Valldemossa, “everything that the poet and the painter could dream of, nature has created in this place”. So said Aurora Dudevant, the real name of the poet George Sand
Surrounded by a landscape filled with fields of carob, almond and olive tres, the village of Valldemossa rises serene and majestic on a hill 400 metres height.
The charm of its stone houses, the magic of its narrow streets, the beauty of its natural surroundings, dominated by the mountains of the Sierra de Tramuntana, and its monumental wealth never cease to captivate you.
For Valldemossa is gifted with a peculiar seductive charm, an enthralling essence that has proved irresistible in their day to such famous personalities as the Polish composer Frederic Chopin, his lover, the French writer Aurore Dupin, better known as George Sand, MIiguel de Unamuno, Eugenio d’Ors, Santiago Rusiñol, Rubén Darío, Gaspar Melchor de Jovellanos and many more.
The Carthusian Monastery is the most emblematic monument in Valldemossa. Its origins go back to the Palace of Rei Sanç, built at the behest of Juame II in 1310 and in which his son, Sanç, sick with asthma, spent long periods. In 1399, King Martí the Humane donated the palace and grounds to the Order of the Carthusians to establish a monastery, though few traces survive from this period, as the present site dates to the 18th and 19th centuries. After the disentailment of Church property ordained by the Ministry of Finances, Juan Álvarez de Mendizábal, in 1835, the monastery passed under State management, and was converted into a residence for visitors and tourists, its cells later sold off to individual buyers. Two of many people who rented some of the cells, were, precisely, Chopin and George Sand. Various reminders of their stay here in winter 1838-1839 can still be admired here, including the piano that Chopin used to compose several of his finest works. Other interesting features of the Cathusian Monastery also include the neochlassical church, decorated with paintings by Manuel Bayeu, the brother in law of Francisco de Goya, an old 17th century pharmacy and the Cloister of Ses Murtreres, the venue every summer since 1931of the prestigious Chopin Fesetival. The museum contains four sections. The first of these is devoted to the old Guasp print workshop (1756-1958), the second to Archduke Luis Salvador (who loved the island of Majorca passionatelyand acquired land and possessions in the late 19th and early 20th century; the museum contains, amongst many other interesting items, the priceless, large encyclopaedia the archduke himself wrote on Majorca). The third section in the museum takes the Sierra de Tramuntana mountanins as its theme, whilst the fourth and last devoted to contemporary art.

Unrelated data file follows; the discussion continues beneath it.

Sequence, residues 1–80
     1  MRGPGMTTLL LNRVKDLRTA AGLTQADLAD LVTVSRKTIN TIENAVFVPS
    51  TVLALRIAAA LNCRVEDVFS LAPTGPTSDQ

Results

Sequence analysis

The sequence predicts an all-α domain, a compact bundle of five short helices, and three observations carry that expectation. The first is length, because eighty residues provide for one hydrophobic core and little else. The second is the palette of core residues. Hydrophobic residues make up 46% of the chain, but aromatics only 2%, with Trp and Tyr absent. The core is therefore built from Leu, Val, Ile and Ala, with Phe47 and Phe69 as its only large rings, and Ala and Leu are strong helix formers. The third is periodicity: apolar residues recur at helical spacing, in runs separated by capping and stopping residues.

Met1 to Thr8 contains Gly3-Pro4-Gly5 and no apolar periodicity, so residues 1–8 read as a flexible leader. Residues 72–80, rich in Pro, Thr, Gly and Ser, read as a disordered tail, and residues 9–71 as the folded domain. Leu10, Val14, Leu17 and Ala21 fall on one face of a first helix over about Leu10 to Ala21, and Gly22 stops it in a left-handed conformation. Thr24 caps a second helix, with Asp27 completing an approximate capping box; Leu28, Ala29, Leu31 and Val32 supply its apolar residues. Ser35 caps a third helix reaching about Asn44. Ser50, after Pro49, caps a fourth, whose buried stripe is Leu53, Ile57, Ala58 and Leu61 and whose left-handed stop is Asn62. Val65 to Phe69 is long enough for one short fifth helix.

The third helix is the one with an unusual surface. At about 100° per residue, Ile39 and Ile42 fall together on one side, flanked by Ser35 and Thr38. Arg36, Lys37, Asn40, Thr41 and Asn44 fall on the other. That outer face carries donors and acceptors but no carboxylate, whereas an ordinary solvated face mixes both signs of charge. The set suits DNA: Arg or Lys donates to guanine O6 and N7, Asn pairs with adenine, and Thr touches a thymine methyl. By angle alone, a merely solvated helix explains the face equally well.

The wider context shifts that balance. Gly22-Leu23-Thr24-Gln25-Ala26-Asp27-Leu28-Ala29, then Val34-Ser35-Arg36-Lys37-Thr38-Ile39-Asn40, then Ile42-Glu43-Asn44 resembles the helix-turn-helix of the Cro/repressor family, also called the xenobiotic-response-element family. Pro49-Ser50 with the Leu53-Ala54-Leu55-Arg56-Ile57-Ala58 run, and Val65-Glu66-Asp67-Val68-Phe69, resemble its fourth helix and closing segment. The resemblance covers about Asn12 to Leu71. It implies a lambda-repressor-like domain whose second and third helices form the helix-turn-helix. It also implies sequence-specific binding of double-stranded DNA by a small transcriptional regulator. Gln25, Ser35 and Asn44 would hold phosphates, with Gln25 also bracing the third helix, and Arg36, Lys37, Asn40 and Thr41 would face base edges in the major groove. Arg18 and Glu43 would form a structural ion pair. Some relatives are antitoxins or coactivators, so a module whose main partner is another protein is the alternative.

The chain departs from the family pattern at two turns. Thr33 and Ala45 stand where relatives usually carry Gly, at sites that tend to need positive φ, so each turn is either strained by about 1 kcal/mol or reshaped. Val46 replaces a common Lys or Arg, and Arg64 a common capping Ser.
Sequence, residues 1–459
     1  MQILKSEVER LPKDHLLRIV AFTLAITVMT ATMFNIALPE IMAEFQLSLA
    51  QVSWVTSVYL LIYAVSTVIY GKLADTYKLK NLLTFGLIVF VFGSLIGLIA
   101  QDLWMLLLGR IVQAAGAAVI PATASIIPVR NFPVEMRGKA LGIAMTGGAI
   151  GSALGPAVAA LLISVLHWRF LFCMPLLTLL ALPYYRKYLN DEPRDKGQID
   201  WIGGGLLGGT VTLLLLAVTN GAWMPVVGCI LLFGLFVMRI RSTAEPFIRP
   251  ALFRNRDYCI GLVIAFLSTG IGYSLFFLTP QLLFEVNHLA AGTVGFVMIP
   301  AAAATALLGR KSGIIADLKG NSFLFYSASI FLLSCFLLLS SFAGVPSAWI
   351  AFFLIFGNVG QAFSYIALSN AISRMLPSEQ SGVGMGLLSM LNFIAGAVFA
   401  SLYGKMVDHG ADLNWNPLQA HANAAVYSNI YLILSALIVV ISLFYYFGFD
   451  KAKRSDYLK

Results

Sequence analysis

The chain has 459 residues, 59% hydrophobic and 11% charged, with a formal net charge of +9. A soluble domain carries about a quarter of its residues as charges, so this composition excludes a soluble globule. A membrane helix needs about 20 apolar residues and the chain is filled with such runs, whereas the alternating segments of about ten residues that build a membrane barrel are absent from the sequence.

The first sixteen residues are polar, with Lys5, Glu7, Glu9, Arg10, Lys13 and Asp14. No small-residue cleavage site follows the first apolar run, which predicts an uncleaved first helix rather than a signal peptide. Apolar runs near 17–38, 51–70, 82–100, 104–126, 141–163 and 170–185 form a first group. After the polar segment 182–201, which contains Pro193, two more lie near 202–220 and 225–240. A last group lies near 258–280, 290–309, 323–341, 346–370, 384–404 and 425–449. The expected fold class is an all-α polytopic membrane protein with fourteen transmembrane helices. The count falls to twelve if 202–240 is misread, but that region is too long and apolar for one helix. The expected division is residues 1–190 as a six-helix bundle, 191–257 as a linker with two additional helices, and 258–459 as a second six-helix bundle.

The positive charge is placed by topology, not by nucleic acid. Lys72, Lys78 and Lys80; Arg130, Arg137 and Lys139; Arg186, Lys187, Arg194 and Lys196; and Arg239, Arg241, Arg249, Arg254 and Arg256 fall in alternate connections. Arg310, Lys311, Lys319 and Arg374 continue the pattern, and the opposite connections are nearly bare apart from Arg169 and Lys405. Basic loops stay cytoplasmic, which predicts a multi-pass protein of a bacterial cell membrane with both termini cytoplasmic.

Other interesting sights in Valldemossa include the Church of Sant Bartomeu, originally built in the 13th century though much altered since, and the house where the “little saint” Catalina Tomas was born in 1531, converted into a chapel after her death.